• A real show stopper 

Texture

This hard cheese will have your teeth confused with it’s almost creamy texture.

No products found.

Flavor

This hard cheese is Gouda with everything, but for a real dinner-winner pair it with a bottle of Cabernet Sauvignon. This wine is not for everyone, really, it can be obtuse or too full bodied. However, when it is paired with this aged Gouda it is almost too gouda to be true.

Pros

  • Flavor combo of Northern California
  • Wonderful texture 
  • A great smell 

Cons

  • Not for everyone
  • Can be too large for some palates 

Texture

This cheese is truly hard and hardly true. It has the texture of a raw carrot. Simply great. 

No products found.

Flavor

You may be thinking, “Why should I eat mild when there is spice in this world left to enjoy for an adventurous soul like me?” Well, we thought that too until we tried this wine and hard cheese combo.

Hardly a handy hark, Chardonnay and mild, oh so mild, Cheddar go together like a rock and a hard place. The Chardonnay and popcorn pairings of days of old have come and gone. The Mild Cheddar pairing is here to stay.

Pros

  • Almost the best combo on the list
  • Wonderful for casual evenings 
  • Great for dates
  • Here to impress
  • Great taste 

Cons

  • Not too bold
  • Unremarkable smell

Texture

This is the best texture to leave Wisconsin, creamy and soft with a biting edge. This cheese is truly perfect to impress that special someone.

No products found.

Flavor

Another great pairing for a Chardonnay; if you do not like mild delights like our mild Cheddar, then try this Gruyere on for size. We promise it will fit the first time. You will love this sultry and deep pairing of hard cheese and wine.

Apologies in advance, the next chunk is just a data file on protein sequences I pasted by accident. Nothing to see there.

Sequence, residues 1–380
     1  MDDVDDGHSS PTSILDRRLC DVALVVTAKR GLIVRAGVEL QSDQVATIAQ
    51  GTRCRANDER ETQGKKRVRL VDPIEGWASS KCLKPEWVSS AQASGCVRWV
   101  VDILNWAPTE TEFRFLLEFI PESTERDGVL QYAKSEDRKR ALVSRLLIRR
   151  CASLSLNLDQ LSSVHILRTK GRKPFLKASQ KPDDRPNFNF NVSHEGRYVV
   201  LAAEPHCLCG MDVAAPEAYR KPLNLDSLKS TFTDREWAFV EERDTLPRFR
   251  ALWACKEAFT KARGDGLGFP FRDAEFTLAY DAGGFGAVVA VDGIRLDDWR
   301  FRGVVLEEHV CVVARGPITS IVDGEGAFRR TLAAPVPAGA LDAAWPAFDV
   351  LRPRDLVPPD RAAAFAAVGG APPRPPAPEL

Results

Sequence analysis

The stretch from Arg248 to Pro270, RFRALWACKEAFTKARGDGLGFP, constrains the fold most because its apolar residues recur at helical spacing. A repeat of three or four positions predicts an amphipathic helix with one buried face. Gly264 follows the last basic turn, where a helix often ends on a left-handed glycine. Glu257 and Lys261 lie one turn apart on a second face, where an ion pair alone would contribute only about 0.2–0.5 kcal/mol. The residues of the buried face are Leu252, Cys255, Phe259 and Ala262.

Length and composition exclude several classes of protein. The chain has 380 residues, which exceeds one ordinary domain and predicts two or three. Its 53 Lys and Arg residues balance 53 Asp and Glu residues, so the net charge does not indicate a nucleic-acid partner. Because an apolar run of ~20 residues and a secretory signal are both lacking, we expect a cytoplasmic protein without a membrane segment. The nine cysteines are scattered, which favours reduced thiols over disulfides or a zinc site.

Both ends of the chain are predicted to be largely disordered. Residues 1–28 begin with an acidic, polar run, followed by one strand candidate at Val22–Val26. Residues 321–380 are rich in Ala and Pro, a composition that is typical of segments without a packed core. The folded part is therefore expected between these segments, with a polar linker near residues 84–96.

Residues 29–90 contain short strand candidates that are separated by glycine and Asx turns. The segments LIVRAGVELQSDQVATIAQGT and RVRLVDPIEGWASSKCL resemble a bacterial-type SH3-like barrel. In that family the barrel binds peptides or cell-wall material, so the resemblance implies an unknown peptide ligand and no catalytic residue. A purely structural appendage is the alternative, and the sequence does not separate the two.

Pros

  • Easy to find
  • Great taste
  • Simple pairing 

Cons

  • Not everyone's favorite cheese
  • Can be adventurous 

Texture

The texture is such that you cannot beat it, with a rock or anything. It has a soft yet hard and almost in between sort of feel. 

No products found.

Flavor

Reach for a sweet rose for your next cheese pairing. This is one of our favorites. The sweet and salty and savory combo is hard to beat. Almost as hard as this cheese list. You will love it.

Pros

  • Great combo 
  • Easy to chew
  • Everyone loves it
  • So very tasty

Cons

  • Almost too easy 
  • Price

Texture

This is about average for a hard cheese. Think about your last trip to the supermarket.

The Verdict

We absolutely loved the Mild Cheddar cheese and Chardonnay combo. It makes the top of our list. The next time you are throwing a party be sure and skip the popcorn as you reach for a block of this wonderful hard cheese.

(Visited 5 times, 1 visits today)


Leave a Reply

Your email address will not be published. Required fields are marked *

This site uses Akismet to reduce spam. Learn how your comment data is processed.